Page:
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Auntie SparkNotes: Everyone Loves My Awful Older Brother

Auntie SparkNotes: Everyone Loves My Awful Older Brother

By kat_rosenfield

Dear Auntie Sparknotes,

I'll just dive right in: my brother is in my friend group. He's the person who almost everybody likes, and I seem to be the only person who doesn't like him. My friends think we just have a strong sibling rivalry, but that's not it; he makes me feel like crap about myself all the time. He'll come home from a party and come talk to me:

"Oh hey, what're you doing loser? Being a loser? I was just at a party, and now I'm gonna go party some more. See ya loser."

No one cares. I've talked to my parents about it, but they just tell me I'm overreacting.

Everyone likes him, including my very best friends, and I honestly feel like they like him more. I'm already kind of a loner, and if I stop being around him ever, I'm scared that the few real friends I have will choose him. Two of my three best female friends have crushes on him. My two best guy friends both seem to be better friends with him.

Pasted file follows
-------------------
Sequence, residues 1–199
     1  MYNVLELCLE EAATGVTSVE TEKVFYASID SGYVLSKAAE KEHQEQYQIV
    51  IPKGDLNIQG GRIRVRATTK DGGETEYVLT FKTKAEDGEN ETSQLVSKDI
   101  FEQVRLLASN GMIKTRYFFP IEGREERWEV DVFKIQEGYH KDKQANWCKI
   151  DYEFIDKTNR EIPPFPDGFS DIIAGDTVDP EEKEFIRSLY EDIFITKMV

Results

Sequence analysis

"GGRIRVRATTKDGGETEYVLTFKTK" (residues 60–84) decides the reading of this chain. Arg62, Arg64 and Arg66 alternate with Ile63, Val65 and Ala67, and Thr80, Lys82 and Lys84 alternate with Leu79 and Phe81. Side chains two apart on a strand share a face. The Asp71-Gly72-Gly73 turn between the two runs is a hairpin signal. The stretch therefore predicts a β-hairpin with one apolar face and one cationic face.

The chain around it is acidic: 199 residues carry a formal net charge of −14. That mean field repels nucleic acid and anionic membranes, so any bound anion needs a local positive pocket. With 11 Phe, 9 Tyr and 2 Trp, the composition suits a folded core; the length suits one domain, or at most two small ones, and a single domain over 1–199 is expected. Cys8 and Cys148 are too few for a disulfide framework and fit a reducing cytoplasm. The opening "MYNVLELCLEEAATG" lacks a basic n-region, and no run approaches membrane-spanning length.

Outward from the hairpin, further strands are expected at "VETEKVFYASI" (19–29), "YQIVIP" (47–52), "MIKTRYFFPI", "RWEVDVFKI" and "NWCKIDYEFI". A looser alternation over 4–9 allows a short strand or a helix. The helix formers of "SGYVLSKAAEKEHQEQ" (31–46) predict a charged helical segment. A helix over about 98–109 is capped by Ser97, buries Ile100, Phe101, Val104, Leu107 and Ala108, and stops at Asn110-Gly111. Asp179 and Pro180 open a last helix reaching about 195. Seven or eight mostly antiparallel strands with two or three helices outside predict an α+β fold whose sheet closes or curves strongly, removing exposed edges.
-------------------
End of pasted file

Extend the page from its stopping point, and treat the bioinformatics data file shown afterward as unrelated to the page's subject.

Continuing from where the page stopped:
I've lived my entire life in his shadow. In everyone's eyes but mine, he can do no wrong. He's 17, a high school dropout obsessed with fighting, he hooks up with random girls all the time, and he treats girls horribly. He's a party boy; I'm just his weird dorky little sister who has no life, no friends, and has never been anyone's favorite. Even our parents chose him over me. I've been grounded for getting a B-, and if I ever snuck out and got caught, I'd be grounded for a year, whereas he doesn't even have a curfew.